Acronyms, sometimes, make life a little easier.

And it makes tracking the top stocks of a sector easier for CNBC’s Jim Cramer, who curated the so-called FANG group and on Thursday introduced a new simple name for retailers with scale — “WATCH.”

Scale is a business’ capability to grow operations and sales while maintaining costs. As Cramer put it: it’s “a company that’s big enough and powerful enough to control its own destiny.”

“A company that scales is one that survives and then thrives in even the toughest environment,” the “Mad Money” host said. “As an investor, you need recognize which businesses can scale because those are the ones that win. Like Amazon, like Microsoft, like WATCH. “

Microsoft, the computer giant that competes Amazon in the cloud industry with its Azure business, is not in the WATCH list because it is not a retailer. Amazon, the internet behemoth that has disrupted the shopping experience, however, did along with Walmart, Target, Costco and Home Depot.

What they all have in common is innovation, Cramer said.

“One of the biggest … benefits of scaling is that it keeps your suppliers in check and that keeps your gross margins up and makes it so that we like your stock more,” he said. “That’s the main reason I’ve created a brand new acronym for the very few retailers that have enough scale to [have] control over their costs and therefore their destiny.”

W is for Walmart

Cramer said big-box retailer Walmart was on the verge of falling into the same fate of Sears. The company lagged in the ever growing and important digital space, the stores were uninviting and their workers were paid too little, he said.

All of that has changed. Their web business is booming and integrating with Jet.com. Employees are paid more, which helped retain staff longer, and the stores are cleaner, Cramer added.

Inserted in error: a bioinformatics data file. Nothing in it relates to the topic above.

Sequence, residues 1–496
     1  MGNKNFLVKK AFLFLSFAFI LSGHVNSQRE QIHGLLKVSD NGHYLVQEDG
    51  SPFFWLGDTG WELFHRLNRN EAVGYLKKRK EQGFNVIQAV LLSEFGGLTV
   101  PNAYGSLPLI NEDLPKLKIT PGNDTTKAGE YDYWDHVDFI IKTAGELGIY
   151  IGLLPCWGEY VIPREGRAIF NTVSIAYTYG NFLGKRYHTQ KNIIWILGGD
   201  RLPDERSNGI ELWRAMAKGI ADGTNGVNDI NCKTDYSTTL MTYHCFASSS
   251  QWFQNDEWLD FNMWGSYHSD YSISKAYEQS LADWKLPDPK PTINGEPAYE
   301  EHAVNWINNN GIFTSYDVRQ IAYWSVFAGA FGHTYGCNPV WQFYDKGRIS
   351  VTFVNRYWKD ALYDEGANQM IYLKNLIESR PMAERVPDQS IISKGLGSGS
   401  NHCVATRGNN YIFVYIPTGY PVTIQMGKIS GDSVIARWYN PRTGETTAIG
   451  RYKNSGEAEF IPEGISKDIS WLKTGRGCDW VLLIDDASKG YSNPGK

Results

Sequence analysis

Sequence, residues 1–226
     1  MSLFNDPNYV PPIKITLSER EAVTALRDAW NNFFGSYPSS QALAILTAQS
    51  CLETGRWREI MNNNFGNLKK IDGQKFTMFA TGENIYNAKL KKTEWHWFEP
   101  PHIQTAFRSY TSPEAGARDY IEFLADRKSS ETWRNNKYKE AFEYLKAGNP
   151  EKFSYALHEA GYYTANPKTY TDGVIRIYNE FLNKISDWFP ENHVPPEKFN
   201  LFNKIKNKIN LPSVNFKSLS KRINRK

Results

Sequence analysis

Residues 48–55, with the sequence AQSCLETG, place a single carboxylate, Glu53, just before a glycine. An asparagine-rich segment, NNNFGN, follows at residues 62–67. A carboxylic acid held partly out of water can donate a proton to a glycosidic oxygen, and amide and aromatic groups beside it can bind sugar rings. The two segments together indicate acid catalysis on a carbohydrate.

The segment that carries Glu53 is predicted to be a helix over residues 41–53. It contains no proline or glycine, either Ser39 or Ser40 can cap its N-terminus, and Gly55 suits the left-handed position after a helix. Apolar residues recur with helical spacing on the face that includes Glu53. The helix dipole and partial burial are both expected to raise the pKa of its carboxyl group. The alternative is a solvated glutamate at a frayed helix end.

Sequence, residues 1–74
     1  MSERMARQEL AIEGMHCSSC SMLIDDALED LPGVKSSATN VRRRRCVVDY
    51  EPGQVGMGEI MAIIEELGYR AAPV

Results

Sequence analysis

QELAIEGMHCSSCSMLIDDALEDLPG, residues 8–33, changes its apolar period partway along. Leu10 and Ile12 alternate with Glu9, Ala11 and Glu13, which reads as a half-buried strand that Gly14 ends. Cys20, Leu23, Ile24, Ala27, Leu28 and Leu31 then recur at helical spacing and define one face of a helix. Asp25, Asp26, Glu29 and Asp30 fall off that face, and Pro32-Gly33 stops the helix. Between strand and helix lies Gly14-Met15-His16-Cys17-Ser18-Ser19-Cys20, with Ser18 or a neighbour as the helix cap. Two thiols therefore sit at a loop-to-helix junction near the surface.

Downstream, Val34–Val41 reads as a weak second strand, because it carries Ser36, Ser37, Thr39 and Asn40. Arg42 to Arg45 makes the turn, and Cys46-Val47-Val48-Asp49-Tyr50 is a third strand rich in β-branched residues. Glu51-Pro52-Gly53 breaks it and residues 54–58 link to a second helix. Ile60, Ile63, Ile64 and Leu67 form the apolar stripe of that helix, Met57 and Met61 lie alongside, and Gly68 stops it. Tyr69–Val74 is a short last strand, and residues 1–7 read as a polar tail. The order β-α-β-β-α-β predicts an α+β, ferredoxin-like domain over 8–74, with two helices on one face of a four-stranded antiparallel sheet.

“Best of all, Walmart can negotiate prices with any supplier it wants because they can’t afford not to sell into Walmart’s channel,” he said. “That’s really bad for their supply chain, but … is it ever great for their shareholders.”

A is for Amazon

Amazon was able to cross the $1 trillion market cap line again during Thursday’s session and Cramer attributes that growth to the company’s ability to scale. The tech conglomerate uses that scale to dominate in retail and in the cloud business with the fast-growing Amazon Web Services.

“They use that scale to get better prices from their suppliers, which they then can pass on to you the customer, undercutting the competition,” he said. “Apropos of nothing, this is why we have antitrust law because when you get big enough no one can compete against you.”

T is for Target

Cramer complimented CEO Brian Cornell and his vision to reinvent Target. The combination of its Shipt delivery system, store design and affordable prices, the host said, is letting the company win the metropolitan areas.

He acknowledged it could be said that Target, serving about 30 million customers a week, is too small to make the WATCH list.

“But given how fast Target’s growing, I think it’s only a matter of time that you won’t feel that way,” Cramer said. “Don’t underestimate their e-commerce business, which is scaling up right now.”

C is for Costco

Costco has 83 million paid members as part of its buying club and that translates to a great business, Cramer said.

“I know that I’m getting the lowest price on everything I buy there,” he said. “These people are magicians.”

H is for Home Depot

Originally hesitating to add Home Depot to the group, Cramer said the home improvement retailer sells merchandise quickly.

That’s “a dream come true for suppliers, allowing them to get terrific deals,” he said.

Disclosure: Cramer’s charitable trust owns shares of Amazon.com, Microsoft and Home Depot.

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